The SVG files produced by svglite do not include
height properties. This is a deliberate choice intended
to make it easier to fit fluidly a SVG figure to its enclosing
container. The scaling straightforward but requires some understanding
viewBox SVG attribute which is included in all SVGs
produced by svglite. This property defines the aspect ratio of the plot
(as well as a user coordinate system, see next section).
The viewBox is determined by the
height arguments of svglite’s device functions (with 10’’ x
8’’ the default). Although those dimensions are supplied in inches, the
viewBox’s user coordinate system is completely unit agnostic. The main
effect is thus to determine an aspect ratio. Since dimensions are not
provided, the dimensions of the enclosing container are used instead and
the SVG is rescaled to fit the container (although Internet Explorer
currently requires some CSS tricks to get this behaviour, see https://tympanus.net/codrops/2014/08/19/making-svgs-responsive-with-css/).
Aspect ratio is preserved by default when the figure is scaled up or
down. The details of how the aspect ratio is preserved can be adjusted
in multiple ways via the
preserveAspectRatio attribute. See
for more information about this property.
Other useful resource: https://css-tricks.com/scale-svg/
Another strategy is needed in order to scale the figure to make the text within the SVG consistent with the text in the surrounding web page. That could be useful, for instance, to create a consistent appearance in an HTML presentation. Since the user coordinate system defined by the viewBox is unitless, we need to map the figure to its natural dimensions. This will ensure a correspondence between the scale of the figure and that of the web page.
As mentioned above, the natural scale of svglite’s figures is in
points and is determined by the
height arguments that you supply to the device functions
(10’’ x 8’’ being the default). Although those dimensions are specified
in inches, the coordinate system is scaled in points. Counting 72 points
per inch, the default SVG surface is thus 720 x 576 pt. Note that the
CSS standard defines 12pt to be equal to 16px, the default size of text
in most browsers. Since 12pt is the default text size in svglite as
well, a SVG scaled to its natural dimensions will appear seamless with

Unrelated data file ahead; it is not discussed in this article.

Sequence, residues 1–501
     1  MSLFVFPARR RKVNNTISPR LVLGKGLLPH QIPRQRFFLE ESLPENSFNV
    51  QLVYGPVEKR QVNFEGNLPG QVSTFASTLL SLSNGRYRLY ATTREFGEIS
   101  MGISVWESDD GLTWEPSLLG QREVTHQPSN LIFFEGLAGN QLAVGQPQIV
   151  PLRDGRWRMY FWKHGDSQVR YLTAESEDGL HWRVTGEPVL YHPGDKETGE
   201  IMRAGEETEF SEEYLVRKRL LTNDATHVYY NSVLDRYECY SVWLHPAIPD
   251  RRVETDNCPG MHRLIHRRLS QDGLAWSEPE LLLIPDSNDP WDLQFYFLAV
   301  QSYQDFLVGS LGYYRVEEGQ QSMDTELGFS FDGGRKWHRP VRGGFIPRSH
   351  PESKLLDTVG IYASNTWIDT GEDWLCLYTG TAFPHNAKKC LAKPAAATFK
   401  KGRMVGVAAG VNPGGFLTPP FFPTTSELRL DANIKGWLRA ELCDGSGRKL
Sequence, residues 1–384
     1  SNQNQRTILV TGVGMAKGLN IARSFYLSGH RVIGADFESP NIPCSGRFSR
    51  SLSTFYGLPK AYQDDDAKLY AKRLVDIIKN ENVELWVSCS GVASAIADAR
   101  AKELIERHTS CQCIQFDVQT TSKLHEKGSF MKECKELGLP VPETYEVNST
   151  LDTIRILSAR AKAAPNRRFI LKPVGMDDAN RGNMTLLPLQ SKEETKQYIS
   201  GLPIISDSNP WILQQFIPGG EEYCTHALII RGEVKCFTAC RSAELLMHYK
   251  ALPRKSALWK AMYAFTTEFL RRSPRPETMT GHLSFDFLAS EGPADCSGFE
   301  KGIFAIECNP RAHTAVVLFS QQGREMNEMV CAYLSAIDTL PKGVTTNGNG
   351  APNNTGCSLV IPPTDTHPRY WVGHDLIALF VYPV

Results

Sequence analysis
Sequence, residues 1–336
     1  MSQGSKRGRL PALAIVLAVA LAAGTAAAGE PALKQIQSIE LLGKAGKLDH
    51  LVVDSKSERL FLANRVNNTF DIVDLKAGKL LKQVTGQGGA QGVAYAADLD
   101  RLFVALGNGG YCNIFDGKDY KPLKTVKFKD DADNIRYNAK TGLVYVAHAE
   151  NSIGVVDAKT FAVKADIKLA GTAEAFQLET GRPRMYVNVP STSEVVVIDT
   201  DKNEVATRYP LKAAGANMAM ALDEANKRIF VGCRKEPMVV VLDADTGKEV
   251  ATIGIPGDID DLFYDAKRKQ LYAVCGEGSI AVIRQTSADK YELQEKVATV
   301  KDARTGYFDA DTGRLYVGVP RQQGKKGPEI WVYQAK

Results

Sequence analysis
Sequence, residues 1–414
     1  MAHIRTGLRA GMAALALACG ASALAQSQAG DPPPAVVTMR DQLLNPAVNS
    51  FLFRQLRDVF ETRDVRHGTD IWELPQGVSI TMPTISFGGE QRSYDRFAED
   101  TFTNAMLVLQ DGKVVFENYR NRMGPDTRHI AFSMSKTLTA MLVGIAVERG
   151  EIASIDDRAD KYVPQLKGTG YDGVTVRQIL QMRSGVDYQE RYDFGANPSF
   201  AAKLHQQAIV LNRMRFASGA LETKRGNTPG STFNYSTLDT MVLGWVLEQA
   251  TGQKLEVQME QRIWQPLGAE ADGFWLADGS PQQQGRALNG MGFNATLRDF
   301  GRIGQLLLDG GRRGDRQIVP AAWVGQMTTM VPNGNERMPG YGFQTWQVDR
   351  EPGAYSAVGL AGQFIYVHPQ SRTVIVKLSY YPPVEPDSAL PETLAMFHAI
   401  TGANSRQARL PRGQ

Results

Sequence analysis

web text of 16px. If the text in your web page has another size, you
will have to compute a scale factor and adjust the dimensions of the SVG
To sum up, displaying a plot according to its natural dimensions
requires providing the user agent with information about what the
lengths defined within the SVG actually mean. There are several ways to
achieve this. First you can edit the SVG and enclose it in another pair
<svg> tags that defines
width. The root
<svg> element determines
the final dimensions of the figure.
A second way is to enclose the figure in a
tag with appropriate dimensions and let the SVG figure rescale itself to
that container (cf. the section on fluid scaling):
Finally, you can directly specify the dimensions in the
<object> tag that is
embedding the figure. Note that the dimension attributes of those tags
do not accept arbitrary units, so you will have to supply the dimensions
in pixels. Just multiply the width and height measured in points with a
factor of 16/12:
As other graphics devices, svglite is scaled in big points (1/72
inch) rather than pica points (1/72.27 inch). Note that in LaTeX and in
grid graphics system on which ggplot2 is based, points
refer to pica points. Big points are denoted in LaTeX by
and in CSS by
pt. We use the latter notation. See https://tex.stackexchange.com/a/200968/19755 for some
historical background about these units.
The conversion between device units and physical dimensions is
determined by the DevDesc parameter
ipr. IPR stands for
inches per raster (native device coordinates are sometimes called
rasters in R terminology) and is set to 1/72 in svglite. The device’s
physical dimensions are set by the following DevDesc parameters (with
height the plot dimensions set by
the user in inches):
A default svglite plot surface is thus 720 x 576 pt.
It is conventional for the fundamental line width
lwd = 1) to correspond to a line width of 1/96 inch and
svglite obeys this convention. Also, like other R graphics devices,
svglite interprets all point sizes directly as big points (e.g. the
ps graphical parameter and the
argument of device functions). The default font size is 12pt.
Text metrics are computed by systemfonts, which uses freetype to
extract metrics for each glyph and calculate string dimensions from
that. Text metrics are calculated at 1000dpi based on
cex * ps font size.
The Base graphics system also makes use of the obscure
cra parameter and its relatives (
cra serves as a
crude measure for a default character height and width for the default
fontsize provided when the device is called (12pt in svgilte). The main
effect of this parameter (more specifically, the height component) is to
change the relationship between the margin parameters
oma are specified in line
units and character height is used as a measure of line spacing to
convert margins measured in lines to physical margins. As in other
cra is set to
0.9 * pointsize and
1.2 * pointsize. These parameters
are completely unused in the Grid graphics system.
The SVG output sets up a viewBox (a user coordinate system) with values scaled in big points.
viewBox: The width and height are set to
(these values are determined by the user-supplied figure
1 lwd should equal 1/96
inch. svglite gets values scaled in device coordinates (big points), so
the line width is multiplied by 72/96.
Text: gdtools returns metrics scaled in big points
so no transformation is needed. We do need to add
to work around a rendering bug in Firefox. Note that when a viewBox is
set up, a pixel equals one unit in the user coordinate system and thus
actually represents a big point.